Daihana Estrada, a recent graduate from Loyola University Chicago School of Law, is no stranger to the Chicago Coalition for the Homeless. In fact, she has been involved with CCH for more than a decade, as a scholarship winner, an intern, an advocate, and a member of the scholarship selection committee.
She also recently raised $1,890 for CCH through an online fundraiser, garnering support from 65 people from around the world.
Today, Daihana is a first-year attorney, working as a judicial law clerk in Minnesota. Hers is a journey more than 12 years in the making.
When she was 17, Daihana’s parents were deported to Mexico from Utah after 20 years of living in the U.S. Daihana was sent to Chicago to stay with family, but found herself on her own, without financial support. She often slept on friend’s couches and would sometimes eat popcorn for dinner.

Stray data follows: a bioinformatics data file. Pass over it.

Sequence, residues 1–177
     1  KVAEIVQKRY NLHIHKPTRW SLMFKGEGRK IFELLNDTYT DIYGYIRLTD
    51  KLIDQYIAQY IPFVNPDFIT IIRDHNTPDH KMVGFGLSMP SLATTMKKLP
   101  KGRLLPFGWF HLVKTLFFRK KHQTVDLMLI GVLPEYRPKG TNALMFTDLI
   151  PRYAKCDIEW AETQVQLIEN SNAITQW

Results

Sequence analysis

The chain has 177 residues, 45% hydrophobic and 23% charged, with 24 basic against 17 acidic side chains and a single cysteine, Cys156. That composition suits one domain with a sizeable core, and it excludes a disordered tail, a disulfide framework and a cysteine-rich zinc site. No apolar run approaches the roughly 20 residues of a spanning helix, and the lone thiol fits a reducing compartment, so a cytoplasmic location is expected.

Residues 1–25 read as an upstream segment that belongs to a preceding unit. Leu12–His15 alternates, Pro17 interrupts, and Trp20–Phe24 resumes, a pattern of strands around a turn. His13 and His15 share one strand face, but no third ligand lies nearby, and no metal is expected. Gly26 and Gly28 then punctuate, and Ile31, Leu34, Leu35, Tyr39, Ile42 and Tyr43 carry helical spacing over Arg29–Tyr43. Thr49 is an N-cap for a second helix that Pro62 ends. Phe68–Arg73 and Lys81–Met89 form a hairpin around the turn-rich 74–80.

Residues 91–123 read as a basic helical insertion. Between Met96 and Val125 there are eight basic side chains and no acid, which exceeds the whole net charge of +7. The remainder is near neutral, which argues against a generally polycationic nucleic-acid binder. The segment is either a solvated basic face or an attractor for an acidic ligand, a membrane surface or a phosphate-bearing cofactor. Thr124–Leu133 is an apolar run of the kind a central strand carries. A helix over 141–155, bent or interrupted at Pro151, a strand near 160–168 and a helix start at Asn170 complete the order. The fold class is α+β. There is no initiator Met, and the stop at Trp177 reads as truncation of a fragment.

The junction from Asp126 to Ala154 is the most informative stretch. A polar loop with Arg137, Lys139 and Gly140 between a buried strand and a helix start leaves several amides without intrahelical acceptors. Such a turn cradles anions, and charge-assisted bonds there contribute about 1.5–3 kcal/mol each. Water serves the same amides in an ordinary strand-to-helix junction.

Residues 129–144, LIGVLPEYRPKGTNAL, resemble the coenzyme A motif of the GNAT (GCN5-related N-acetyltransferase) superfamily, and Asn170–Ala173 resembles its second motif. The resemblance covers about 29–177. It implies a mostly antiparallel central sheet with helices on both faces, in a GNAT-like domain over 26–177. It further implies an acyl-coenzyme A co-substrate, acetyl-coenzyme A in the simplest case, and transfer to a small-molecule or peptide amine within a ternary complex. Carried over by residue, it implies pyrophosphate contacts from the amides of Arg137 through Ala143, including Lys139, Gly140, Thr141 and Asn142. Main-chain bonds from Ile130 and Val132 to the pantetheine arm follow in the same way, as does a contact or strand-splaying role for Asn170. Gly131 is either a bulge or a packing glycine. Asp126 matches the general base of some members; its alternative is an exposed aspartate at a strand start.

“It was really hard,” Daihana acknowledged. “Luckily I was able to find really great mentors and organizations like CCH to help me along the way.”
She credits Vanessa Puentes, then her English teacher at John Hancock High School, for “completely changing the narrative to my story.” While working on an assignment to draft a personal statement, Daihana confided that she wanted to become a lawyer so that she could prevent other families from enduring the trauma and injustice that hers had experienced.
“It was the first time I said out loud: ‘my parents were deported.’ It was the first time I shared that I was on my own,” Daihana recalled.